My grandfather built a cabin on the access road to Sugarbush, Vermont, in the ‘80s and sold it in the ‘90s. Makes me weep when I think what that thing would be worth now. I wasn’t kidding when I said I come from a financially unsophisticated family.
I’m about to make a really corny analogy, but you know what’s as steep as a double black diamond ski trail?
The yield curve.
At least, it’s getting steeper at an alarming rate.
That’s not supposed to happen. Supposedly, the Fed is tightening monetary policy, or soon will. They are threatening to. And they have been threatening to for a while.
So if the Fed raises rates, short-term rates will go higher and long-term rates will go lower, or stay put. In the chart above, you see the spread between the yield on the 2-year note and the 10-year note.
The 2-year note yield is basically just a function of fed funds expectations, but the 10-year note yield is a function of many things—three things in particular I’d like to highlight:
Supply and demand for loanable funds
- Supply and demand for securities at that maturity
So when the back end sells off and the curve starts steepening, it’s usually because people start to worry about inflation. There is evidence for this. First of all, copper, steel, and iron ore are coming back—
—and the yield spread most sensitive to inflation expectations, the spread between 10- and 30-year yields, is ripping higher.
Gold isn’t doing anything yet, but hope springs eternal.
What the market is telling us is that the Fed waited too long to hike rates. Now inflation expectations are becoming unmoored. The consequences could be dire. If mortgage rates go up to 5%, people are going to notice. It would be bad for me because I’m trying to sell my old house (in an area where pretty much everyone depends on financing).
There is another way to look at this. I actually talk about the forces that determine interest rates in the class I teach. You can draw a supply/demand diagram for interest rates, just like anything else. Interest rates are a function of the supply and demand for loanable funds.
If you think about it, we are literally choking on loanable funds. The banks are sitting on tons of cash and not lending it out, which you can see in this chart of excess reserves—
Little wonder that interest rates have been so low for so long! But now, perhaps, we’ll be seeing the first sign of demand for loanable funds. People borrow for 10 years or 30 years to fund long-term capital projects, like to build a house or maybe a factory. If after six years of what we’ve called a recovery, we are really having a recovery—maybe companies will rely a little less on buybacks and financial engineering and more on capital projects.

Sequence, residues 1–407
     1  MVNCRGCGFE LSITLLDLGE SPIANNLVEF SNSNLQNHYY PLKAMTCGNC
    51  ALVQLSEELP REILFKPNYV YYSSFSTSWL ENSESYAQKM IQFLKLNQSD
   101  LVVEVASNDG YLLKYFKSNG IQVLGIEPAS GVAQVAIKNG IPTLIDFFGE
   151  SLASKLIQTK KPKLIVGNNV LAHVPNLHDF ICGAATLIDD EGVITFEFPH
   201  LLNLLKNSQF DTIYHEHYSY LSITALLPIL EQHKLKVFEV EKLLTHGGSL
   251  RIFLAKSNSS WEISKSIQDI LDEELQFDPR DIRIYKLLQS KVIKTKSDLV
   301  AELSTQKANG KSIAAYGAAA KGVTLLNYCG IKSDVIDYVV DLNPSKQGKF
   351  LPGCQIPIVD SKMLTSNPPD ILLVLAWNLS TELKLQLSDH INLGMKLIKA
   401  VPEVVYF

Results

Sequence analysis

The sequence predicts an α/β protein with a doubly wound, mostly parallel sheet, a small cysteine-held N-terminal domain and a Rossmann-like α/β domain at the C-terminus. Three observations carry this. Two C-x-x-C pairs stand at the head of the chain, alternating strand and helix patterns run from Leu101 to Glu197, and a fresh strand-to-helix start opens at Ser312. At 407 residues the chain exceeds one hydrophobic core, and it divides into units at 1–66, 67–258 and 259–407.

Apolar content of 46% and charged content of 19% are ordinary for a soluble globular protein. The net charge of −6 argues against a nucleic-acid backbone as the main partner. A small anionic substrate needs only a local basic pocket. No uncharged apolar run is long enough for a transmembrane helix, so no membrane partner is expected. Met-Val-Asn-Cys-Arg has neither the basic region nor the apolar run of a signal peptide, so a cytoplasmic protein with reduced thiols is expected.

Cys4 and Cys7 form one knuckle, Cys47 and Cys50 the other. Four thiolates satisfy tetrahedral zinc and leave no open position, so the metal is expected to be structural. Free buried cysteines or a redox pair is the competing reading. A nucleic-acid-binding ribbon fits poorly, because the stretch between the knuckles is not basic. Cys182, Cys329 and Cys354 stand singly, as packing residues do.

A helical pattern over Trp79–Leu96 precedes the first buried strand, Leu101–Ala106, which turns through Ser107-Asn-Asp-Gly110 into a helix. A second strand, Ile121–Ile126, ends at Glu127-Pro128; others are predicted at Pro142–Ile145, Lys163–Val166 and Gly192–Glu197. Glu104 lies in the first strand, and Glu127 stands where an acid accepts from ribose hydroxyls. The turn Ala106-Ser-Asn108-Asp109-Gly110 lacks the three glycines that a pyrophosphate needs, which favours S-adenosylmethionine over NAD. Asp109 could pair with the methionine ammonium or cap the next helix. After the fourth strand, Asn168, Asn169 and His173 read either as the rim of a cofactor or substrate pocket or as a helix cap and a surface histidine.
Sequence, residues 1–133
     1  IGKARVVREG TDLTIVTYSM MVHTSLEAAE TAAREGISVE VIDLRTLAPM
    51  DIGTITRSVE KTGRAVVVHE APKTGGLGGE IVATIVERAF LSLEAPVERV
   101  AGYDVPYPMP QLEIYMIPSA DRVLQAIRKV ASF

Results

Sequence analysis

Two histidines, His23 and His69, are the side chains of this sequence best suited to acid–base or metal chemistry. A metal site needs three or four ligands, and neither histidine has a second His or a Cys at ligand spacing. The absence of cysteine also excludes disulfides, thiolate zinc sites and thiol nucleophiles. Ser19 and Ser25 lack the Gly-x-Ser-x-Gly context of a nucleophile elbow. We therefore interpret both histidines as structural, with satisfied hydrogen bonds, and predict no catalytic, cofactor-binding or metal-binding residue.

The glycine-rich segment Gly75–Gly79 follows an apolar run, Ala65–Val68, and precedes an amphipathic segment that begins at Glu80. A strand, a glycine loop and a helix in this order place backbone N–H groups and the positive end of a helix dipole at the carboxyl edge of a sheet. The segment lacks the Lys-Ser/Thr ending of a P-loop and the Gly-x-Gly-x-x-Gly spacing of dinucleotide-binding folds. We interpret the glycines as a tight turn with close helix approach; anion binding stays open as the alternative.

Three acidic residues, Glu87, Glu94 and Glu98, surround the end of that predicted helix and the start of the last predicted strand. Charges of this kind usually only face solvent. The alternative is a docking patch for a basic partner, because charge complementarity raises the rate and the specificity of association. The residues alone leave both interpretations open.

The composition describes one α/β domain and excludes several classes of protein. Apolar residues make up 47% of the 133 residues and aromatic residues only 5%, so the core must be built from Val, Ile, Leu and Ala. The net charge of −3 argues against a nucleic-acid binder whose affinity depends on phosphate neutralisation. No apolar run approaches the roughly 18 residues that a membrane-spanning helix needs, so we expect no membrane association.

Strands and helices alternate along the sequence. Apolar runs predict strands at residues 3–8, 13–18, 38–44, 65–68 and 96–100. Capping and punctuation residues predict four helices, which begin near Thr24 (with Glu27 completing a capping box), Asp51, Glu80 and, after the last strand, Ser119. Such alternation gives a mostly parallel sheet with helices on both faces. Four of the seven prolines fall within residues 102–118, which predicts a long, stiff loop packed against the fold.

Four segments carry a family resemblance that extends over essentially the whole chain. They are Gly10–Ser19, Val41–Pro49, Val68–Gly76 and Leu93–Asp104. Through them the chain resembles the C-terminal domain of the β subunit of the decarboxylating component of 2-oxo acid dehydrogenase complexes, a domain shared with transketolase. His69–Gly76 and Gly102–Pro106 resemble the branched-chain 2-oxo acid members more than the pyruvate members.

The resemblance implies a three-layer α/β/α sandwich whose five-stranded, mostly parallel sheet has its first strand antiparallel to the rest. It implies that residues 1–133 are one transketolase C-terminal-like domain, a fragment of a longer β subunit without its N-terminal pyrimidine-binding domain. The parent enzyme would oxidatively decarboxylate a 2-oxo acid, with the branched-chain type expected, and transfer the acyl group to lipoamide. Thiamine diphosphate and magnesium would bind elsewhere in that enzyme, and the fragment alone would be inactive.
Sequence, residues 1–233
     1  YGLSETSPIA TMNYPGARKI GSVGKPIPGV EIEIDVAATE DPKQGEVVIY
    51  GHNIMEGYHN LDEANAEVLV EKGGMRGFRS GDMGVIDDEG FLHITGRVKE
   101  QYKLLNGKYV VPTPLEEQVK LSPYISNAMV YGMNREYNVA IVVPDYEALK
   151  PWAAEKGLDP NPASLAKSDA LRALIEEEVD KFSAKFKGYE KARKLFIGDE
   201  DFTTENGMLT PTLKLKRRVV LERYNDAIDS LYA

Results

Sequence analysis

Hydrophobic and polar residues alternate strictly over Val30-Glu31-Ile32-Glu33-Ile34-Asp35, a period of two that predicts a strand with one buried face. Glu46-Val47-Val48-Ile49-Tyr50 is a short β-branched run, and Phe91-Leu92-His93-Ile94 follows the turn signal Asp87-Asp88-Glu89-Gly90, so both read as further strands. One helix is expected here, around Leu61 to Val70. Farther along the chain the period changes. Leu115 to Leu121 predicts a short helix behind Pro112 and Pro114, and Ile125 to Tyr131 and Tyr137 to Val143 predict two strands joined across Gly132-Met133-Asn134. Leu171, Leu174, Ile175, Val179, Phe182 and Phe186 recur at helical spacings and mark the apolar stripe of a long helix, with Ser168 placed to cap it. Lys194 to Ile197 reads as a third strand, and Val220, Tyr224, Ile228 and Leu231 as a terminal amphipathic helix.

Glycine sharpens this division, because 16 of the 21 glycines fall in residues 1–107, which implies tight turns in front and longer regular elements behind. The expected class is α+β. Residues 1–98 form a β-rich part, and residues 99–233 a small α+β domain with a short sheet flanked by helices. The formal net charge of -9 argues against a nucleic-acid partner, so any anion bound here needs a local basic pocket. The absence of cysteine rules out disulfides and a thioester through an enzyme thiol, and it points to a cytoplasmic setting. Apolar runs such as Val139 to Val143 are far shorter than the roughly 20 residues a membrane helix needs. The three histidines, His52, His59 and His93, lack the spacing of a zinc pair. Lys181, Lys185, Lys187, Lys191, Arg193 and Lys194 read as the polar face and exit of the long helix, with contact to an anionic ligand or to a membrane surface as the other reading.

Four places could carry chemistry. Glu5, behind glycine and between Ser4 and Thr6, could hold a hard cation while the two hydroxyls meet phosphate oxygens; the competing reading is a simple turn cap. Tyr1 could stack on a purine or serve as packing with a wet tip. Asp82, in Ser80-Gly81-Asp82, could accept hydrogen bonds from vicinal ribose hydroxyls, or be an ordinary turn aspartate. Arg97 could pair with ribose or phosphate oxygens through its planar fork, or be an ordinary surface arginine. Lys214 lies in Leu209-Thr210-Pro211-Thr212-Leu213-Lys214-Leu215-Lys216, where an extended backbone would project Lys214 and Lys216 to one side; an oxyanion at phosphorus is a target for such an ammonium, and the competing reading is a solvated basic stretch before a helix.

And finally, there has been near-limitless demand for 30-year paper from pension funds and insurance companies. Maybe something has changed?
What a Bond Bear Market Looks Like
Actually, we don’t really know what it looks like, because it’s been 30 years since we had one. A few things to think about—
So people were driven out of the swaps market and into the futures market, which is imperfect, for technical reasons. Liquidity disappeared. It’s terrible. And in a post-Dodd-Frank world, you can’t go to a bank and ask for a bid on $100 million of bonds. Nobody will do it. Nobody will commit capital—too risky, too expensive.
So if we really are in a bond bear market, it’s going to be very disorderly. Remember the bond flash crash last October? That was just a taste. If there’s an asset on the board I would own, it would be interest rate volatility. Long gamma heaven!
The Risk Lives Somewhere
If the world’s biggest, most important asset class is going down for the dirtnap, who is going to get hurt? After all, the risk lives somewhere.
Answer: Baby Boomers.
They got wiped out in 2000-2002 and got killed again in 2008, at which point they said, “Screw it, stocks are impossible, we’re going all in on bonds.”
How do you think the PIMCO Total Return Fund (PTTRX) got so big? And more recently, the Vanguard Total Bond Market Index Fund (VBTLX)? I remember the days when the stock funds were the biggest!
One last thing to scare the pants off you, then I’m going to go. There is a concept known as duration that people use to measure interest rate sensitivity. The duration of the on-the-run 30-year bond is about 20 years.
So here’s the thumb rule: For every 1% change in interest rates, the price of the bond will decline by (approximately) its duration, in percent.
So if you own a mutual fund full of 30 year bonds, if interest rates go up one percent, your investment will lose 20% in value. If rates go up two percent, I mean…
Boy, this is going to be fun.